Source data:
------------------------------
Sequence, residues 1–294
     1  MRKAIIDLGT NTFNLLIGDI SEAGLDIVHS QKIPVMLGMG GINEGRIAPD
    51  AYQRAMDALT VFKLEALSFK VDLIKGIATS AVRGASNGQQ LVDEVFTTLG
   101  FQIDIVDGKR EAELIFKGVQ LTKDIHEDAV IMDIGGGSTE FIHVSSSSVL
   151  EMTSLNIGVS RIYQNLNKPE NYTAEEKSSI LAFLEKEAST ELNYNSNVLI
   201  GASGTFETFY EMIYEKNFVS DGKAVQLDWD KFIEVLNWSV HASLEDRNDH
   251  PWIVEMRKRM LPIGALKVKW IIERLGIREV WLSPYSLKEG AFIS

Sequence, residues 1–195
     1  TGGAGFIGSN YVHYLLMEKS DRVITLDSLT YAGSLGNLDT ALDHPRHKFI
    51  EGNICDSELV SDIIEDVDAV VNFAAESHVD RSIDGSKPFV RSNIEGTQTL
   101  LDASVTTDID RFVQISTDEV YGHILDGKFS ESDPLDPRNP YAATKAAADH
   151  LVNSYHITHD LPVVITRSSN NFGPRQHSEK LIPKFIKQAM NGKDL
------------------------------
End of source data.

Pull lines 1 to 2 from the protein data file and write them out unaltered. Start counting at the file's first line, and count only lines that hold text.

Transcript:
Sequence, residues 1–294
     1  MRKAIIDLGT NTFNLLIGDI SEAGLDIVHS QKIPVMLGMG GINEGRIAPD